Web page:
New study suggests fish consumption may increase risk of diabetes
NEW YORK Although the benefits of eating fish may lower one’s risk for developing heart disease, one study is suggesting the same does not apply to diabetes.
The study, published in the Septemeber issue of the American Journal of Clinical Nutrition, investigated the relationship between fish and omega-3 fatty acid intake and the development of diabetes among 152,700 women enrolled in the Nurses’ Health Study and 42,504 men enrolled in the Health Professionals Follow-Up Study.
The prevalence of diabetes among the study subjects was 1.17 times more likely among people who ate fish two to four times a week, and 1.22 times more likely among those who ate fish 5 or more times a week, relative to those who ate lesser amounts of fish.
The study was lead by Dr. Frank B. Hu, at Harvard School of Public Health in Boston. Hu and colleagues noted that studies have demonstrated beneficial effects of fish and omega-3 fatty acids on multiple risk factors associated with diabetes, and on heart disease.
Abbott reports Q3 results
ABBOTT PARK, Ill. Drug maker Abbott reported strong sales in its third-quarter 2009 earnings report Wednesday.
The company reported an increase of 8.4% in global sales, which remained at 3.5% when factoring in the rise in the value of the dollar. Excluding the dollar’s rise, pharmaceutical sales were 3.9%, but dipped into the red, to -1.6%, when including foreign exchange rates. Nutritional and medical products had much stronger sales – 11.1% and 9.8%, respectively – when the dollar’s value was included.
“Abbott is performing well, generating higher-than-expected earnings growth in the fourth quarter,” Abbott chairman and CEO Miles White said in a statement. “During the quarter, we announced several acquisitions that support our long-term growth strategy. These acquisitions add to our diverse mix of global businesses, with new technologies, established products and emerging market infrastructure that will help us deliver sustainable industry-leading growth.”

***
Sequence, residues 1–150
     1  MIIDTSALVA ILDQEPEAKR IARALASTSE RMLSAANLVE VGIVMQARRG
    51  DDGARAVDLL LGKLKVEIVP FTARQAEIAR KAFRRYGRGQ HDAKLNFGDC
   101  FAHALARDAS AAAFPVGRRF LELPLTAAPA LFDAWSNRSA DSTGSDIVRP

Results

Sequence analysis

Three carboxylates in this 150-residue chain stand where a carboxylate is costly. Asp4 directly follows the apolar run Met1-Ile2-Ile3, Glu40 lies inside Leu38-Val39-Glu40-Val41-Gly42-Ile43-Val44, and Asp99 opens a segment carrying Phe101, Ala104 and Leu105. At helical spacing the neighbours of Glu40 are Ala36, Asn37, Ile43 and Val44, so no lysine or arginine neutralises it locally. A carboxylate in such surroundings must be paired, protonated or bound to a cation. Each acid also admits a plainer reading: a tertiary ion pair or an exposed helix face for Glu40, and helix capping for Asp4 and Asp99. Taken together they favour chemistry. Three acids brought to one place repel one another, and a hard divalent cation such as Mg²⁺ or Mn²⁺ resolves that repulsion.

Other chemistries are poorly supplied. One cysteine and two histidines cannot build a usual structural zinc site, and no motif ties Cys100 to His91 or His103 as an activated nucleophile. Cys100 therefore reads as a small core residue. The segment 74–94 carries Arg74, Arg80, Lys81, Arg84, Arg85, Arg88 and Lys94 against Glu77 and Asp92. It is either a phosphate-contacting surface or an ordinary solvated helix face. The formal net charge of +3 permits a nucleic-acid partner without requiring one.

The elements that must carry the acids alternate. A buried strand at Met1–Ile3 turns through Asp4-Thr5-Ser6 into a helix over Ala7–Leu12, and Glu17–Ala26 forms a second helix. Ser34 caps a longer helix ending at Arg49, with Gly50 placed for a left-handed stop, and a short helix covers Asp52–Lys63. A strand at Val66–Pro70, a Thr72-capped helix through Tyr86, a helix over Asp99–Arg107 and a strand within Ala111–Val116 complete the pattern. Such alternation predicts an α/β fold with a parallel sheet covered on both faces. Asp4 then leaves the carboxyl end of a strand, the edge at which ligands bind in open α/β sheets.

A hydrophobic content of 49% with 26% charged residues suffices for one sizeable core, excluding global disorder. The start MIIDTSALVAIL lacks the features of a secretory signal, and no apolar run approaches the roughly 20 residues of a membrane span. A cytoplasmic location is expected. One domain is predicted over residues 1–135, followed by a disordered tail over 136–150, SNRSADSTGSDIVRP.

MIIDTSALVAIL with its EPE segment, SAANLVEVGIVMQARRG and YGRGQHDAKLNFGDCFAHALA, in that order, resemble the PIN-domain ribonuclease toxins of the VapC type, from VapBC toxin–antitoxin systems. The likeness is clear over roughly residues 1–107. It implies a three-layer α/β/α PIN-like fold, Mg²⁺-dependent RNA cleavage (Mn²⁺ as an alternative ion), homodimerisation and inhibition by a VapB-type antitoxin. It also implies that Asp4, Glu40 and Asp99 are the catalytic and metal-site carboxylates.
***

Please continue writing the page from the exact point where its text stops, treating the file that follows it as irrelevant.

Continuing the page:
Mylan, Pfizer settle drug dispute
PITTSBURGH Generic drug manufacturer Mylan and pharmaceutical giant Pfizer have settled a dispute over Mylan’s attempt to manufacture a generic version of an antifungal drug.
Mylan announced Wednesday that it had entered a license agreement with Pfizer concerning Mylan subsidiary Matrix Labs’ voriconazole tablets in the 50-mg and 200-mg strengths, a generic version of Pfizer’s Vfend. Matrix had filed a regulatory approval application with the Food and Drug Administration; as the first company to file the application, Mylan will have the right to market its version in direct competition with Pfizer’s product for six months once the patent expires. Under the agreement, Mylan will have the right to market voriconazole tablets in the U.S. in first quarter 2011.
Vfend, used to treat yeast and other fungal infections, had sales of $164 million during the 12-month period ending June 30, according to IMS Health data.